The underrepresentation of certain groups in gifted programs persists. This course will examine the enrollment disparities that exist in gifted and advanced programs, critically review the assessment practices used to identify gifted students, and explore educational policy designed to reconcile equity and access issues in education.
The course considers the question, "How can we fix poverty?" It begins by exploring the nature of poverty through a variety of descriptive metaphors (for example, poverty as a "trap" or a "disease"). It then considers the word "we," and in doing so introduces several basic understandings of ethics (deontology, utilitarianism, virtue ethics, etc.) Finally it considers the word "fix" and offers three models for responding to poverty: working for, working with, and being with.
In this course, we will come to understand the nature of giving—the means and mechanisms, problems and solutions, successes and failures—even as we study the history, theory and structure of civil society. We will pay special attention to how specific religious traditions and communities have understood personal-societal obligations through time. In our exploration of this material, we will draw examples from the Jewish traditions (highlighting a premodern model of social organization and mutuality, and exemplifying minority-majority dynamics over time) and American traditions (with a foc
This course examines the role of critical pedagogy in developing learning environments that engage and empower youth. Emphasis is placed on the context of Hip Hop as a foundation for instructional decision-making and social justice advocacy/activism. Students will explore the historical and socio-cultural aspects of education initiatives, teaching and learning strategies, federal and state mandates and educational policy issues that contribute to marginalization.
Exploration of health issues in the Spanish-speaking world shaped by social, cultural, political, ethnic, and economic determinants. Topics: cultural competency, community beliefs, medical practices and policies, preventive medicine, mental health. Projects include presentations, writing, research, and conversations with local and global contacts. Evaluation on knowledge of content, oral and written proficiency in Spanish. One 300-level Spanish course recommended prior to enrolling. Prerequisite: Spanish 204 or equivalent.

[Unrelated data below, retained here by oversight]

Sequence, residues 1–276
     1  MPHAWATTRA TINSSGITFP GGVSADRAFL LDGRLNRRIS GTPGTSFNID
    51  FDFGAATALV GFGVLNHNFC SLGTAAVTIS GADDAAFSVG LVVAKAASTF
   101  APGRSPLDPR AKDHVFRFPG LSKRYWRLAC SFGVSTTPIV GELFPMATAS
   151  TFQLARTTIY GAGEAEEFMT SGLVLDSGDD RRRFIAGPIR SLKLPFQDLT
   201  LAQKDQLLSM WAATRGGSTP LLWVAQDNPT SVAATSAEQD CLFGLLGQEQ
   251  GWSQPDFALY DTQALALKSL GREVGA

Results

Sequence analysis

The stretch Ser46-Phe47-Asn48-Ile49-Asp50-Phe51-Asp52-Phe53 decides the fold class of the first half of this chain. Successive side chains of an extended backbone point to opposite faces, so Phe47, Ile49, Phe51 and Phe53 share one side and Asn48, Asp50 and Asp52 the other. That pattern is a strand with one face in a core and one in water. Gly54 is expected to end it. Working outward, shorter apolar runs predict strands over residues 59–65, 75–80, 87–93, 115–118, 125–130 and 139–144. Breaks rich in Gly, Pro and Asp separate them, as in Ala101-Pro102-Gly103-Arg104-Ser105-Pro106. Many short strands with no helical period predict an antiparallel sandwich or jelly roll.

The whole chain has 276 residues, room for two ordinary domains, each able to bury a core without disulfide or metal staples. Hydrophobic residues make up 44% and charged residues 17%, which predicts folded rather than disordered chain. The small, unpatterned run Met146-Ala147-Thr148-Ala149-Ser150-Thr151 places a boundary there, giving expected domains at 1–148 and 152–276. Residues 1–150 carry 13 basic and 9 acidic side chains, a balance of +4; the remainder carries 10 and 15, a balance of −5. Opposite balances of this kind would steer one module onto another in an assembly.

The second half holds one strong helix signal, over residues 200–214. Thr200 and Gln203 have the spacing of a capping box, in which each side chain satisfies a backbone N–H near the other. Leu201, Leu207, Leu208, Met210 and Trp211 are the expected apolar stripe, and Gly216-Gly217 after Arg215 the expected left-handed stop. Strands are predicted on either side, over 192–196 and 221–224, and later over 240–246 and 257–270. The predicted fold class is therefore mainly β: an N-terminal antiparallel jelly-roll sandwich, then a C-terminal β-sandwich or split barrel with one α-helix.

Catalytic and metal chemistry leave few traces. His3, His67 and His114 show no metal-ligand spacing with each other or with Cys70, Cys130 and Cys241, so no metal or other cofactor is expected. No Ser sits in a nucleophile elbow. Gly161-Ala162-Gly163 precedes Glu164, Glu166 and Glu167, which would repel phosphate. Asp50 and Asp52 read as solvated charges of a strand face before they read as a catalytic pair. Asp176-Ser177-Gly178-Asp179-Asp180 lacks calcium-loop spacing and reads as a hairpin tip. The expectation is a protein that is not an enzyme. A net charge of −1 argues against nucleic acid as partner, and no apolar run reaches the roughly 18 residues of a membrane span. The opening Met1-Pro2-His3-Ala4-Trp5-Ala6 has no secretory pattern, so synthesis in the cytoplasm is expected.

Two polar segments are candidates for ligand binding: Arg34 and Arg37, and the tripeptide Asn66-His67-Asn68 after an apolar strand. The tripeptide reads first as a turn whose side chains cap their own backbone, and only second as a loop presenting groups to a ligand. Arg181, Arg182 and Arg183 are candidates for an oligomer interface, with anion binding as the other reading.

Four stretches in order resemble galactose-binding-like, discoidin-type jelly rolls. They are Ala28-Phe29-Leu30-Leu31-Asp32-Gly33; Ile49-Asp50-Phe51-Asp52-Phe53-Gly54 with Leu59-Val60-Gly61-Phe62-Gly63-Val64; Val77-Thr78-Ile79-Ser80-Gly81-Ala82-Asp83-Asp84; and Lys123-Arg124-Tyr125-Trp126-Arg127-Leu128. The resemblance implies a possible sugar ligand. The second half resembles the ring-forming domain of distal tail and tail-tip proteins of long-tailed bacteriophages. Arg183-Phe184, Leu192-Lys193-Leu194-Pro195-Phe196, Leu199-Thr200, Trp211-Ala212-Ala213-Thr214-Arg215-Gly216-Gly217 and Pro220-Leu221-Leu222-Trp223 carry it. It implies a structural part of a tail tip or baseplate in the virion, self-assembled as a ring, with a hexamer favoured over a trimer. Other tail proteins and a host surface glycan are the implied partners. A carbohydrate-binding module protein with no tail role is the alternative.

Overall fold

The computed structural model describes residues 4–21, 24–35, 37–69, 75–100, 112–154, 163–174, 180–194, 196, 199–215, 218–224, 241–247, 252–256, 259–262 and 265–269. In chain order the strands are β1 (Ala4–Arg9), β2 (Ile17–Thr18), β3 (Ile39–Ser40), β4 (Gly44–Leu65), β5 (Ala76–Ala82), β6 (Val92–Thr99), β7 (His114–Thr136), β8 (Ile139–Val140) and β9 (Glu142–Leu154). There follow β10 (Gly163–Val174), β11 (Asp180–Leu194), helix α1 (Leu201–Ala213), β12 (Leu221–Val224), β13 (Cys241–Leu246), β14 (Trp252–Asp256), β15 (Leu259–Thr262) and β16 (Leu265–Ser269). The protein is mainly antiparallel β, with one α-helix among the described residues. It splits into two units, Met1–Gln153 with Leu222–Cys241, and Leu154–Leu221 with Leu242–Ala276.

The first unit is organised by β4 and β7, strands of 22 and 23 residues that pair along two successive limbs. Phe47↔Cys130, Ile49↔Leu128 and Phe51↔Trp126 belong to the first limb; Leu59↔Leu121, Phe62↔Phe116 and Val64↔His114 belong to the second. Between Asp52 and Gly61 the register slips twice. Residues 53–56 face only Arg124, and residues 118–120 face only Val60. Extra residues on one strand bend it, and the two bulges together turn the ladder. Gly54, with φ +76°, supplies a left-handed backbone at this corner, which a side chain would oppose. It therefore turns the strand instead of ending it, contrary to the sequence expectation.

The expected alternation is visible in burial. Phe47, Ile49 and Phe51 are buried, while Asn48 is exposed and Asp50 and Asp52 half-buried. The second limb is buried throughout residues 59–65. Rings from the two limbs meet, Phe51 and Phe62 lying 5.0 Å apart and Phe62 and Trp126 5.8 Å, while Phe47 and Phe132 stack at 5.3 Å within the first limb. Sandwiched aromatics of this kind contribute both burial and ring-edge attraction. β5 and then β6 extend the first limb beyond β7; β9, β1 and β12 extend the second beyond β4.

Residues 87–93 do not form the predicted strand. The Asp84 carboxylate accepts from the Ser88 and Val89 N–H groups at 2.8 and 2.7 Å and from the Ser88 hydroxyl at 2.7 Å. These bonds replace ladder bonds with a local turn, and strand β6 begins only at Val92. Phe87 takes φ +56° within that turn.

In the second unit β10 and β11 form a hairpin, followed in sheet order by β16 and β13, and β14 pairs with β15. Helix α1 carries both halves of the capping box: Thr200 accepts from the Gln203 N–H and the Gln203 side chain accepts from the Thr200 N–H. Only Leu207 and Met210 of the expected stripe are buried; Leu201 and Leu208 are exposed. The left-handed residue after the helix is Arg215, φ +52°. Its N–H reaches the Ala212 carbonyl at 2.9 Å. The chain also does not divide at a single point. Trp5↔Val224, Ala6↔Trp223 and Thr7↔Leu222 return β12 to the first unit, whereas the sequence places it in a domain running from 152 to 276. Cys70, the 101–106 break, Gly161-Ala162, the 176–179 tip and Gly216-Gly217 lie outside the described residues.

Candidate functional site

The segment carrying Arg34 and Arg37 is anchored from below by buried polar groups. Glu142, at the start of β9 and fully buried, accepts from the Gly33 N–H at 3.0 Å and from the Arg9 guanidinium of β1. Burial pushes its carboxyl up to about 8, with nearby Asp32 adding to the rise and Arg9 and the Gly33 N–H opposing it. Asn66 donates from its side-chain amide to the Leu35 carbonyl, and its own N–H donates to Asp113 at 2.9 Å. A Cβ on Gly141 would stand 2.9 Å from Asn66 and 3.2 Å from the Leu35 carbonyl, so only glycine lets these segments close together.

Designed for Chinese as a foreign/second language. Follows Chinese 204 or 224A as part of the language sequence. Increases students' knowledge of more complex forms of the Chinese vocabulary system and competencies in speaking, aural comprehension, reading, and writing. Exposure to a speech variety appropriate to formal and informal speech situations. Materials drawn from newspaper articles, essays, and other readings concerning social and cultural issues in contemporary Chinese society. Emphasis on the active use of the language for communication in written and spoken forms.
Community-based interaction with Durham Public Schools. Topics: Latino/a identity, access to education for immigrants, academic performance, assimilation, general pressures of family and peers, bilingualism, configurations of ethno-racial consciousness. Required 20 hours outside of class with assigned community partners. Assessment on knowledge of content, oral and written Spanish, and participation in service. Recommended students take 300-level Spanish course prior to enrolling. Pre-requisite: Spanish 204 or equivalent.
Explores global history of soccer with focus on Europe, Africa, and Latin America. Examines development and spread of the game, institutions such as FIFA, biographies of legendary players, and economics of the sport. Examines philosophical and ethical issues raised by soccer, and ways the sport condenses, channels, and at times transforms politics. Materials include works of history, anthropology, literature, journalism, memoirs, documentary films, and footage of classic games. Students will contribute to Soccer Politics blog and pages.
Materials from public media used to analyze diverse social phenomena and cultural issues in contemporary China. Major focus on developing literary reading and writing skills along with learning methods of writing academic Chinese essays on a wide range of complex topics. Topics include popular culture, food, marriage outlooks, Cultural Revolution, Confucianism, and social issues after the economic reform in China. Analysis of cultural and literary texts from variety of media and genres providing a basis for practice in discussion and writing.
Continuation of Chinese 232, Literacy in Chinese. Designed for Chinese as a second language. Practice in formal and informal speech and discourse in speaking and writing. Content drawn from newspaper articles, essays, TV and radio broadcasts concerning social and cultural issues in contemporary China. Develops fluency and skills in writing expository essays and short stories (narrative) while continuing to advance understanding of heritage culture and aural/oral proficiency. Prerequisite: Chinese 232 or equivalent proficiency.